Award-winning filmmaker Lou Douros plans a sequel on whale entanglement. Let’s help!
By Nancy Duarte
I love knowing people that have so much passion, they MAKE their dreams come true. On the heels of Lou’s successful work on whale entanglement with “In the Wake of Giants”, he has started a kickstarter campaign to create the sequel, “Northern Wake”.
You can help by donating, or reposting the link to get the word out!
Here, we even made a tiny URL for you: http://tinyurl.com/7wukqe9
Here’s Lou’s current award-winning short film:
You’ve always wanted to be a filmmaker, what are some of the roadblocks you had to overcome to realize your dream?
Lou: The roadblocks, how do you do a natural history documentary meant to compete with fully crewed, budgeted films? You do it by making it personal, and by bringing every lesson you’ve learned in thirty years to bear on the final piece. It was brutal.
The footage of entangled whales was mostly captured on cameras the Hawaiian Island Humpback Whale National Marine Sanctuary was using for research. Helmet cams. Nobody bothered to clean the lens of water spots, they weren’t planning to do anything like this before. There were hundreds of hours of un-logged footage of whales that had gotten themselves tangled up in marine debris.
I had to go through several documented rescues, three to four cameras per effort, and find synced stories. Hoping for some semblance of coverage before a battery died or a card filled up and went unchanged. It was part luck, part magic, and then…more luck.
“In The Wake Of Giants” may not have come to fruition and definitely not been award-winning if you hadn’t put your own personal passion into it. What did you learn from this experience?
Lou: Yeah, passion is right. But passion about what? That’s the real question here. If I’d listened to the “whale-huggers” around me, I’d have made a film about whales. Lots of whales, breaching and frolicking and looking all majestic and beautiful. “Charismatic Megafauna” as they’re often categorized. And that’s where passion came in. The film is about people, good people, who sacrifice a lot and risk a lot to survive a quest–to accomplish a mission. It’s a story.
More to the point, it’s a hero’s journey. The week after we premiered, I showed it to you, Nancy. You were writing your book, Resonate, and gave me a copy of “The Writer’s Journey”. I couldn’t believe it, finally someone explained to me what I’d been doing. It’s funny how you can have passion about something you don’t totally get. Then somehow it’s explained to you and you become evangelistic about it. That’s what’s happened with me, these films, and the commitment to story.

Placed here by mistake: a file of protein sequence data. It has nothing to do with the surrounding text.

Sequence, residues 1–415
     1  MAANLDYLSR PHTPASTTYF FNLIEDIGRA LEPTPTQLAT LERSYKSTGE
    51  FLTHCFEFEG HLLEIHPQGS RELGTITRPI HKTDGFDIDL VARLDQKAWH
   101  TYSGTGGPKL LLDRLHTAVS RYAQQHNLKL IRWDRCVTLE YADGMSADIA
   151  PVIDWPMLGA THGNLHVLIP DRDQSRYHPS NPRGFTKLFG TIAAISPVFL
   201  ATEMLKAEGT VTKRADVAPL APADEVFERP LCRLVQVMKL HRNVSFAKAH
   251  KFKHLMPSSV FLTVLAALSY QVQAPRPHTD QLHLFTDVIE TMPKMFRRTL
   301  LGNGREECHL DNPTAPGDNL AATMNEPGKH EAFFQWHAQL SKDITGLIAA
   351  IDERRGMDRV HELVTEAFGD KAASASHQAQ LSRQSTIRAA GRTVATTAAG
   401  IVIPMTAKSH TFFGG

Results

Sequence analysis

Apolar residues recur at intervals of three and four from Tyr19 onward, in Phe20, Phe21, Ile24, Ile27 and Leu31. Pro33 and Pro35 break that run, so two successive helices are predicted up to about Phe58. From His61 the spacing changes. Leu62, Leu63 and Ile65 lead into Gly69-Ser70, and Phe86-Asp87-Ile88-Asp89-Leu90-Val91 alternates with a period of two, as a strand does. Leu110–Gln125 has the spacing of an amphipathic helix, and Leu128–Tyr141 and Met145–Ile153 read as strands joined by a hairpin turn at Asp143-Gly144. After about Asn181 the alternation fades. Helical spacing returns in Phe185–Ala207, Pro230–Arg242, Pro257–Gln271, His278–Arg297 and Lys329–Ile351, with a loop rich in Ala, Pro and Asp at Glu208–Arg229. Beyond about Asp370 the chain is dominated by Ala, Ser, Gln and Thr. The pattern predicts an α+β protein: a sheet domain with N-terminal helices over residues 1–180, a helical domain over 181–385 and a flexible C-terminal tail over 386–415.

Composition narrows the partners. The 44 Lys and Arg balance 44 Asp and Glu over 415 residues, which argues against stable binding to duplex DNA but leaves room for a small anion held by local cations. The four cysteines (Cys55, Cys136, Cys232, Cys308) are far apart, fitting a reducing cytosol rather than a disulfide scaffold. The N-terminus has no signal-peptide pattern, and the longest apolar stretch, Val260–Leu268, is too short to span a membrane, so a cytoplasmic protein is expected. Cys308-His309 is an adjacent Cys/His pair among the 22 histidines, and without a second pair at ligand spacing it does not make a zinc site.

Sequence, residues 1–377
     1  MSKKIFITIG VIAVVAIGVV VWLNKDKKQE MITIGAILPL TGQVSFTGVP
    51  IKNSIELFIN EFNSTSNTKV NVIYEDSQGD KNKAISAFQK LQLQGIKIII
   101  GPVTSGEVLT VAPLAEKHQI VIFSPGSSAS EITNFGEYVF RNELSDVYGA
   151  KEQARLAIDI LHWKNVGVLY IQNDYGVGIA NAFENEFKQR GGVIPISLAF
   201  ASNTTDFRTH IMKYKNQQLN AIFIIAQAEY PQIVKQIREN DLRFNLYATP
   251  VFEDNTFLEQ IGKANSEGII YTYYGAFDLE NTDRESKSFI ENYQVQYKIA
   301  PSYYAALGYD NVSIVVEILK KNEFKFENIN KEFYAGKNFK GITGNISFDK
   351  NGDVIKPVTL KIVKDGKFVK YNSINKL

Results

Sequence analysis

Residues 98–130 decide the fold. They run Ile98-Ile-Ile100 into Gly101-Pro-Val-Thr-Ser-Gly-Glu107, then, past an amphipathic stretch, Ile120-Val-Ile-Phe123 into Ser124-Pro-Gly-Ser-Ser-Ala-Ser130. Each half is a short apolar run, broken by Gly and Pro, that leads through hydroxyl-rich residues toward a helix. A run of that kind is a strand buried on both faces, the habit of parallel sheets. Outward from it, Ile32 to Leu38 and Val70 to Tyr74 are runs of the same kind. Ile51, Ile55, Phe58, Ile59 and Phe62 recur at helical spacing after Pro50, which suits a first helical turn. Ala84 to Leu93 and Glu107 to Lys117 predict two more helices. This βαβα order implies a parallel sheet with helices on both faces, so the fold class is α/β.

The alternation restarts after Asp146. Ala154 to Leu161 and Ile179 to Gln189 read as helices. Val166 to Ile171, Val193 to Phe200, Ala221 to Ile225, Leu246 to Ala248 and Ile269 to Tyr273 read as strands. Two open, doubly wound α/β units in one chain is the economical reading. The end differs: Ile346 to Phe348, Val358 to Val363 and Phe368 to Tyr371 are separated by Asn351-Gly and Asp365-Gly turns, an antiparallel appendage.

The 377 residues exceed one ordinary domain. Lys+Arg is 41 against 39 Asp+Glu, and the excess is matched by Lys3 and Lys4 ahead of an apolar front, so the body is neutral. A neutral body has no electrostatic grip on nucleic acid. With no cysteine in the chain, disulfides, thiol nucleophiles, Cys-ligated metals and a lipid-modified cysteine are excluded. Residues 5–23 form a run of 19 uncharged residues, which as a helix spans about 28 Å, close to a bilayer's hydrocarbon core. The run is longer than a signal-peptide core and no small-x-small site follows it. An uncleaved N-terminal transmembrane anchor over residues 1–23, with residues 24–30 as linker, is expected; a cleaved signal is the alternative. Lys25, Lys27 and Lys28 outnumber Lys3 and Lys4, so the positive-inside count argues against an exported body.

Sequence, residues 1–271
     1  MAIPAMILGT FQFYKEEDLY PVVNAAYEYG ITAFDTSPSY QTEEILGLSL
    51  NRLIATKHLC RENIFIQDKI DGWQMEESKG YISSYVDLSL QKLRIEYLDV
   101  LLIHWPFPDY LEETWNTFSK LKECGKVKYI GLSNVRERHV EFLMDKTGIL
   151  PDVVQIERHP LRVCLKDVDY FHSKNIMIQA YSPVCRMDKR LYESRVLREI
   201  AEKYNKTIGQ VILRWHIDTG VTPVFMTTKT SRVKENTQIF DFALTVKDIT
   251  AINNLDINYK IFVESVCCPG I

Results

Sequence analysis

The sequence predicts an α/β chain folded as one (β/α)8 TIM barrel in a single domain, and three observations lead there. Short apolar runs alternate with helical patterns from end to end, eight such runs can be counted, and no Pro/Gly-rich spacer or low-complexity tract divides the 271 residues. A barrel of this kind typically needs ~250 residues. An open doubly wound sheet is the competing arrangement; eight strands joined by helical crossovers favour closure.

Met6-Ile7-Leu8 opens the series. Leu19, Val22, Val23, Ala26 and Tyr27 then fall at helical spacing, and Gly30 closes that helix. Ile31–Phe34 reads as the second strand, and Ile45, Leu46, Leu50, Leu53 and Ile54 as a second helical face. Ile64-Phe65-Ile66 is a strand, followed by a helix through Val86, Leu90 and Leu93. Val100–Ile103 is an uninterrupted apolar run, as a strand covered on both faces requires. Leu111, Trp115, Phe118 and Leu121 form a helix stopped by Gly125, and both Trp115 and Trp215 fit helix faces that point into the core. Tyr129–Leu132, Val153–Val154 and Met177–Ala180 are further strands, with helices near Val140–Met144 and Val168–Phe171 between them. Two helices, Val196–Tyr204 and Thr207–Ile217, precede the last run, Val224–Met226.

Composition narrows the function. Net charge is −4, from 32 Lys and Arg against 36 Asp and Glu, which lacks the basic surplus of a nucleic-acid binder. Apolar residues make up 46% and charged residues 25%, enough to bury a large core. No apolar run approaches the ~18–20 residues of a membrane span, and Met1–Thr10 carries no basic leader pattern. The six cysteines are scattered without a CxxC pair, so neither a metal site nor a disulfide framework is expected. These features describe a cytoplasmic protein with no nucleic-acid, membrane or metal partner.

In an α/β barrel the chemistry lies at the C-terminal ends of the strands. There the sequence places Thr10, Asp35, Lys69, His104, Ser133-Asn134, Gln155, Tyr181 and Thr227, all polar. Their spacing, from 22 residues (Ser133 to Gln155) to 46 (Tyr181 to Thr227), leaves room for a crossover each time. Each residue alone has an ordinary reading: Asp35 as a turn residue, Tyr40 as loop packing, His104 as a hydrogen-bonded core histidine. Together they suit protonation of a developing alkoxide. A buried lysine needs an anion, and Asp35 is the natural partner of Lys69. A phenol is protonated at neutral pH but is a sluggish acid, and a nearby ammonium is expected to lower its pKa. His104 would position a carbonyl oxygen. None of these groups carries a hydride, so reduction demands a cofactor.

There are a LOT of natural history films around that are these meandering, well-scored moving wallpapers. I want a story. That’s what I’ve become most passionate about, and what I’ve learned from doing this.
What kinds of work do you do to “pay the bills” so you can continue to produce short films?
Lou: I’ve done just about every job in production. So I’ll do what it takes these days. I prefer to produce, write and direct and take clients with me into realms they never dreamed possible for their product or service. I’m focusing a LOT on micro-documentaries, targeting three minute story packets for multiple screen sizes. My website, www.blatsnapper.com, has some examples.
There are film-school students who will work for Top Ramen and Cheese Whiz. So I’ve been producing more guerilla styled work but avoiding the day rate. Instead I’ll tell a client they can buy me for a discounted week. If they get tired of my ranting about story, they can tell me to cook them dinner, and I’ll happily do it.
You have a Kickstarter campaign for your new film. What will it be about?
Lou: The next film is the sequel to In The Wake Of Giants. It picks up where the first film left off, to answer the question, “How can we prevent this from happening in the first place?”
It’s through the unlikely collaboration of commercial fishermen, conservationists and scientists. Fisherman are prototyping new methods and working alongside the conservation community. Of course, we will also be shooting new rescue footage as it happens. I expect there might be more activity up there than in past years. As the polar caps recede, new areas for oil exploration are opening up. There will be 33 new exploratory vessels from Shell Oil alone this summer in Alaskan waters. More activity means more likely encounters between marine mammals and humans. This is the summer to be there. I need to raise $42,000 through kickstarter to match the outside grant funding I’m after for a small guerilla budget of $68,000. That’s a drop in the proverbial ocean.
There are two things that make kickstarter.com work for projects. Of course, the first is gaining backers for the project. But, a close second is sheer volume of tweets, retweets, and social networking. Nancy, if your readers could take a minute and repost the link here, I think the next thirty days or so could be a blast!